When you make plans with a friend, what do you say? You and I? Me and you? It’s more complicated than just picking one based on preference. The rule for when to say “you and I” or “me and you” has to do with pronouns and how they work with other parts of speech. So which phrase can you use, and when?
Subjective and objective pronouns are what really determine which phrase to use. Subjective pronouns refer to the subject of the sentence, or what the sentence is about. Objective pronouns tell us who is doing or receiving an action.
Subjective pronouns: I, you, he, she, it, we, you, they
Objective pronouns: me, you, her, him, it, us, you, them
Subjective and objective pronouns are used with different parts of speech. For example, an objective pronoun like “me” would follow a preposition like “with” or “between.” But with a verb, you’d want to use a subjective pronoun like “I.”
If you’re not sure on the specifics of parts of speech or how to distinguish between a subjective and objective pronoun, that’s okay. You probably still know where words belong in a sentence, even if you’re not sure what they’re called.
The easiest way to remember the difference is to consider the sentence without the word “you.”
“My mom ordered pizza for you and I to share during our study session.”
“My mom ordered pizza for me and you to share during our study session.”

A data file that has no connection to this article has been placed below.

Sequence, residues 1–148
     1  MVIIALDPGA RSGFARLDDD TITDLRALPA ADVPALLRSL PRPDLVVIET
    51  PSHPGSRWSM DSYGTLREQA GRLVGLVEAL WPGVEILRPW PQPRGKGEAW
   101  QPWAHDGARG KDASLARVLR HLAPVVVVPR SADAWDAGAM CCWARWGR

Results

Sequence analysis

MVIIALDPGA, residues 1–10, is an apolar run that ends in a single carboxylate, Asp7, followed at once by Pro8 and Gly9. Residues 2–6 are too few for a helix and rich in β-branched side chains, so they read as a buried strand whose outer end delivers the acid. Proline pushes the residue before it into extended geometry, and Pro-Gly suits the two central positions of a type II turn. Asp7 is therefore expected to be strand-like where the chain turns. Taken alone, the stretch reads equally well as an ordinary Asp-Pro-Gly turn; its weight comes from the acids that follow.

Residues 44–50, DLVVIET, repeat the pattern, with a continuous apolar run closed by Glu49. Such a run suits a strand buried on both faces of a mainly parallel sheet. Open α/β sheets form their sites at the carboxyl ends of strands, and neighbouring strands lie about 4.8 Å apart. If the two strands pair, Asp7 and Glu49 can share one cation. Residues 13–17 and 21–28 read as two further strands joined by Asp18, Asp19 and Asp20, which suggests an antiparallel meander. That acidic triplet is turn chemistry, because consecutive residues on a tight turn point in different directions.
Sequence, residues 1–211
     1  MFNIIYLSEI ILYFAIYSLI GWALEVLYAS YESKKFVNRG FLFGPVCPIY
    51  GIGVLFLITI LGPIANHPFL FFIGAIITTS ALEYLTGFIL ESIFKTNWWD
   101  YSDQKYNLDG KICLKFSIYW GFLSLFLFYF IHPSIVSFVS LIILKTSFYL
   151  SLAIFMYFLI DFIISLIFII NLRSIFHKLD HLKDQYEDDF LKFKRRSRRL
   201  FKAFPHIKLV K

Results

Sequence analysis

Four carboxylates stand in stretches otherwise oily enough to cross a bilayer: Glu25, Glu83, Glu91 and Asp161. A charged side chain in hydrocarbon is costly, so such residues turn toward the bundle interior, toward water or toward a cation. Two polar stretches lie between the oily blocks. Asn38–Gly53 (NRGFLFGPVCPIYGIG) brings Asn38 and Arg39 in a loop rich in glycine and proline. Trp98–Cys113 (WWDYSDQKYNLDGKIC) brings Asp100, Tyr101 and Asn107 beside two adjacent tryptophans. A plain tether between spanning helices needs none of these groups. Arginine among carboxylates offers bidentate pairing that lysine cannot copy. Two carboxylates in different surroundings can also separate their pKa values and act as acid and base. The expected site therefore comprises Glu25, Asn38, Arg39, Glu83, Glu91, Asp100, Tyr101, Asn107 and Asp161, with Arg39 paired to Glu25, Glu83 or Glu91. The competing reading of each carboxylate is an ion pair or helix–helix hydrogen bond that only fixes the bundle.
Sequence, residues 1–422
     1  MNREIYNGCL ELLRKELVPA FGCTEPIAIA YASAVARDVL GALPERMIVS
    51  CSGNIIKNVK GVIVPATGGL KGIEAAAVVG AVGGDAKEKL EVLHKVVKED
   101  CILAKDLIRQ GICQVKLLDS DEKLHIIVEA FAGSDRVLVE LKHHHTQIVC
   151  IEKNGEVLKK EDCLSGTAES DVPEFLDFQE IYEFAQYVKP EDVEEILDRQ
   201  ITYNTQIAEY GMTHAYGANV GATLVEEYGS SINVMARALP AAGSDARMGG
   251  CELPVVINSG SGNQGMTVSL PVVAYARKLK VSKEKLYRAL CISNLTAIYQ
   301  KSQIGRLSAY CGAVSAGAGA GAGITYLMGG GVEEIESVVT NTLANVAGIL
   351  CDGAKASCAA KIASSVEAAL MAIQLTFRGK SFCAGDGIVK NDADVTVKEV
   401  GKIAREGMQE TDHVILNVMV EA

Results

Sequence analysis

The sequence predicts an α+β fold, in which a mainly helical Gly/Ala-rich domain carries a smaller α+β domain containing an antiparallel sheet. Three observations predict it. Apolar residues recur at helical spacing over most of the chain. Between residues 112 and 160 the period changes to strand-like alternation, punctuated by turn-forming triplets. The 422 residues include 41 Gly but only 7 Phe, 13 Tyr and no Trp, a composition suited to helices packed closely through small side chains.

Take out the “you” and see what sounds best to your ears.
“My mom ordered pizza for I to share during our study session.” NOPE. The correct usage is: “My mom ordered pizza for me to share during our study session.”
In this case you want to use “me,” the objective pronoun, because “me” is doing the action, sharing the pizza.
Let’s turn this around so we’re using “I,” the subjective pronoun.
“You and I can order pizza to share during our study session.”
This is correct because you would say “I ordered pizza” and not “Me ordered pizza.”
“You and I” is the subject of the sentence, so you’re using “I,” the subjective pronoun.
What else is in your sentence? If you’re using a preposition such as "between" or "with", you’re going to say “between you and me.” This is because the preposition needs to be followed by an objective pronouns (me, him, her and us), rather than a subjective pronoun (I, he, she and we). Test this by switching the pronouns. If you say “between we” it’s clear that you’re using the wrong pronoun.
This error with prepositions occurs because people know “Sally and I went to the mall” is preferable over “Sally and me went to the mall.” Just because you want to replace “and me” with “and I” in most cases, this doesn’t apply to prepositions.
There’s no universally correct version for this phrase. There are plenty of situations where “you and me” is the right choice (so if you tend to correct others’ grammar, keep that in mind). It doesn’t matter how you remember the distinction. Just don’t forget to be polite about it!